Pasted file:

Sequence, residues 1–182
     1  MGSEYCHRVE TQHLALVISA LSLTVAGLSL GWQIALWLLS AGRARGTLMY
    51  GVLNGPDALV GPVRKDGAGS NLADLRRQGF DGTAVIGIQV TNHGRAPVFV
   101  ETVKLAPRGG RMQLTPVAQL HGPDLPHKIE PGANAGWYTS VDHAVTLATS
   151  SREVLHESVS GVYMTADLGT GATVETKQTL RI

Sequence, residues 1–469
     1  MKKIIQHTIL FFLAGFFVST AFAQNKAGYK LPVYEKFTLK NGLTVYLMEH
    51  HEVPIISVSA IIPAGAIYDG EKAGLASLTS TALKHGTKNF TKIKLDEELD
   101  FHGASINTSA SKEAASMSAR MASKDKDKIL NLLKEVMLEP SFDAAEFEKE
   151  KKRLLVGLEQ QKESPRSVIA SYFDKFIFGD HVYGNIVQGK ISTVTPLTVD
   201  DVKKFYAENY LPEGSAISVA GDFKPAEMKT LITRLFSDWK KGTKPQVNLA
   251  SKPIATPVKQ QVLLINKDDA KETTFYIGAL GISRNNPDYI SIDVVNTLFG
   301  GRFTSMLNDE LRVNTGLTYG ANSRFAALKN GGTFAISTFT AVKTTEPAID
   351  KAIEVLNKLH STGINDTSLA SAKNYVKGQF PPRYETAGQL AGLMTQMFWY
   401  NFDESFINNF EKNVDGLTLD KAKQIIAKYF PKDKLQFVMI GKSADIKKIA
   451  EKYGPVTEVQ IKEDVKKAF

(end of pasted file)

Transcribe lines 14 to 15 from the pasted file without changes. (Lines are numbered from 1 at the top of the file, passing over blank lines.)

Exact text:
   351  KAIEVLNKLH STGINDTSLA SAKNYVKGQF PPRYETAGQL AGLMTQMFWY
   401  NFDESFINNF EKNVDGLTLD KAKQIIAKYF PKDKLQFVMI GKSADIKKIA